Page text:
FA Cup final day hit by fresh wave of train strikes

Train drivers have voted to stage three fresh strikes in their long-running row over pay, including strikes on FA Cup final day. Meanwhile, industrial action has also intensified in other areas of public service.

Members of the Aslef union will walk out on 12 and 31 May, and then again when Wembley Stadium hosts Manchester City and Manchester United in the FA Cup final on 3 June. That date is also in the sporting calendar for the Epsom Derby.

The train drivers’ union said it has rejected a “risible” 4 per cent pay offer from the 16 train companies with whom it remains in dispute. General secretary Mick Whelan said drivers have not had a pay rise at these companies since 2019.

Whelan said: “Our executive committee met this morning and rejected a risible proposal we received from the Rail Delivery Group (RDG). The proposal – of just 4 per cent – was clearly not designed to be accepted, as inflation is still running north of 10 per cent and our members at these companies have not had an increase for four years.

“The RDG, in turn, rejected our proposals to modernise Britain’s railways and help them run more efficiently, for passengers and for businesses, in the 21st century.

“Consequently, we have today announced three more days of strike action on Friday May 12, Wednesday May 31 and Saturday June 3 at the companies with which we are in dispute, and which are letting down passengers, and taxpayers, so badly.

“We are also withdrawing non-contractual overtime from Monday May 15 to Saturday 20 inclusive, as well as on Saturday May 13 and Thursday June 1.”

Train operating companies involved in the dispute are: Avanti West Coast, Chiltern Railways, CrossCountry, East Midlands Railway, Great Western Railway, Greater Anglia, GTR Great Northern Thameslink, London North Eastern Railway, Northern Trains, Southeastern, Southern/Gatwick Express, South Western Railway, SWR depot drivers, SWR Island Line, TransPennine Express and West Midlands Trains.

Aslef said its negotiating team has met representatives of the employers on eight occasions over the past year to try to find a resolution to the long-running dispute.

The union said it took eight one-day strikes to bring the train operators and the government “to their senses and persuade them to sit down and talk properly”.

Whelan added: “We do not want to go on strike, we do not want to inconvenience passengers, we have families and friends who use the railway, too, and we believe in investing in rail for the future of this country, but the blame for this action lies, fairly and squarely, at the feet of the employers who have forced our hand over this by their intransigence.

“It is now up to them to come up with a more sensible, and realistic, offer and we ask the government not to hinder this process.”

Authorities at London’s Metropolitan Police have already ordered the kick-off time for the FA Cup final to be moved back to 3pm, instead of 4:45pm or 5:30pm, for the first time in over a decade, as they consider the match to be a high-risk event. The last direct train leaving London for Manchester on 3 June is currently timetabled for approximately 9pm (the 21:01 service from London Euston to Manchester Piccadilly). It is unknown what precise effect the scheduled train strikes will have on supporters’ travel plans on the day.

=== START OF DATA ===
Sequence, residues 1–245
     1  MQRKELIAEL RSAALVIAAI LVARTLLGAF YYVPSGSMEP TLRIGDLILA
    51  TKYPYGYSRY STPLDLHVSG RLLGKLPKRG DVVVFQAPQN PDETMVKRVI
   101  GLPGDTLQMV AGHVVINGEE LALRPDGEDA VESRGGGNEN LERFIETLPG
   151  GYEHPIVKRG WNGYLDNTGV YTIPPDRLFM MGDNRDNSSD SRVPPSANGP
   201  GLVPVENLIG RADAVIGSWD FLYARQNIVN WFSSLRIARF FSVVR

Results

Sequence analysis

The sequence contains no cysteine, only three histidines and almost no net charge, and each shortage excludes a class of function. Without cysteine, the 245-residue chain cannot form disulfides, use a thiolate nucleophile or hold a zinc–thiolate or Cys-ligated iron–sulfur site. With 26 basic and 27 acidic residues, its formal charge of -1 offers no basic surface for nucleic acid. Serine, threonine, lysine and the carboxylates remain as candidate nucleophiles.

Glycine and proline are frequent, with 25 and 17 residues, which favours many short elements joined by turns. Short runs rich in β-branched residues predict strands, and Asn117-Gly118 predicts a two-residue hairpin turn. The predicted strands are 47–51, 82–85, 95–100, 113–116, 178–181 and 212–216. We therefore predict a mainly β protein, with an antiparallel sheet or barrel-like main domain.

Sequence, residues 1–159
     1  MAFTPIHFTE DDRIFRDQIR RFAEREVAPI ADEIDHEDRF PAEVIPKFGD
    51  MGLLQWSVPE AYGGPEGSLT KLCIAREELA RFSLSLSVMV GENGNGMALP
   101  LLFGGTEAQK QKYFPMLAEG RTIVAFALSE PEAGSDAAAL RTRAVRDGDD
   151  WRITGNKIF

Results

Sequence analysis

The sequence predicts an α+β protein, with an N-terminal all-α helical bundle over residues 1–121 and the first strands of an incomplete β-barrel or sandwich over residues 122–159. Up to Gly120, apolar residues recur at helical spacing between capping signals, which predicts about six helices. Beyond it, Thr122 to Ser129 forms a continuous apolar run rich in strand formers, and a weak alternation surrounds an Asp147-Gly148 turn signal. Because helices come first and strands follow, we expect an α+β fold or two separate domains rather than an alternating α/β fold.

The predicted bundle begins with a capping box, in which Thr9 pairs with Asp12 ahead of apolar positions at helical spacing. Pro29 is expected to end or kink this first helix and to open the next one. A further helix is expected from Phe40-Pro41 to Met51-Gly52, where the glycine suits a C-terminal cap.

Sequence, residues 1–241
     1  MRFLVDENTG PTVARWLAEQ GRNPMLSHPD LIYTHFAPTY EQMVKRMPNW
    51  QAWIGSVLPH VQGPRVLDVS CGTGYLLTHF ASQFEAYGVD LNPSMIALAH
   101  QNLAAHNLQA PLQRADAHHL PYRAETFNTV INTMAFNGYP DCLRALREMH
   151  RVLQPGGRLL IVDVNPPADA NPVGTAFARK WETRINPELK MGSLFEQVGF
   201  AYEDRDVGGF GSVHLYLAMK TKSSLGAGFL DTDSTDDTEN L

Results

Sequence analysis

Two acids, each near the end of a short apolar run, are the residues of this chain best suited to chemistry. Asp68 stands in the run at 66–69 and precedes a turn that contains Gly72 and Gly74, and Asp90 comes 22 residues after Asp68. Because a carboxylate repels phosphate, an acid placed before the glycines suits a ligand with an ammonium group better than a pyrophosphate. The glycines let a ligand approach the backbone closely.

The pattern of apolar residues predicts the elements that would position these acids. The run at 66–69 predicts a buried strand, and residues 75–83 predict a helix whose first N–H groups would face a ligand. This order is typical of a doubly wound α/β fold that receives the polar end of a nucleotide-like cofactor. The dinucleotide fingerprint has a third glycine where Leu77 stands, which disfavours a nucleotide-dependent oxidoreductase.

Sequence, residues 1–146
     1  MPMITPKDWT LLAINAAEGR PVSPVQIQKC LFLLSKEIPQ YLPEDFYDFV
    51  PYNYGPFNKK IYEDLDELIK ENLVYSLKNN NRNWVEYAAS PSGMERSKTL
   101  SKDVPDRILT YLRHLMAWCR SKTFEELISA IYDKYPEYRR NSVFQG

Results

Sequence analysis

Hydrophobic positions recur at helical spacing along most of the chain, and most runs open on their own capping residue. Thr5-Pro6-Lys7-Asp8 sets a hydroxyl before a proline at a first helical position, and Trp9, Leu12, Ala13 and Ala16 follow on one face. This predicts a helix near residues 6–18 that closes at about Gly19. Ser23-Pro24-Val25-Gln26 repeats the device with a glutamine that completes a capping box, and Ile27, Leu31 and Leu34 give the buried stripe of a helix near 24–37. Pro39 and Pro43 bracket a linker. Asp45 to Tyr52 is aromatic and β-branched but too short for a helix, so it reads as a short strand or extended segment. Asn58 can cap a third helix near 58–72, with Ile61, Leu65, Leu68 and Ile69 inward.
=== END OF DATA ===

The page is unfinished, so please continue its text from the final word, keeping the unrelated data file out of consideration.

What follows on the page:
Related strike action in July 2022 was also timed to coincide with major sporting events, in that case the Commonwealth Games in Birmingham and the start of the new season for the majority of English football league clubs.

This year, the 12 May train strike will be held the day before the Eurovision Song Contest final in Liverpool.

A Rail Delivery Group spokesperson said: “This is disappointing news for our customers and staff; more strike action is totally unnecessary and will only heap more pressure on an industry already facing an acute financial crisis.

“Senselessly targeting both the final of Eurovision and the FA Cup final is disappointing for all those planning to attend. After many weeks of negotiations with the Aslef leadership, today we made a revised and fair offer including a pay rise of 8 per cent over two years.

“It would have introduced overdue, common-sense improvements already in place in parts of the network, which would see more trains running on time for passengers. Sadly, this has been rejected.

“We urge the Aslef leadership to rejoin us at the negotiating table and work with us to find a solution to the issues our industry faces and so we can give our people the pay rise we have always said we wanted to do.”

The latest train strike announcement comes on the same day that thousands of teachers in England were back on picket lines, as they staged strikes in their own long-running dispute over pay.

Tens of thousands of members of the National Education Union (NEU) walked out of schools and sixth form colleges across England, with another strike planned for next Tuesday (2 May).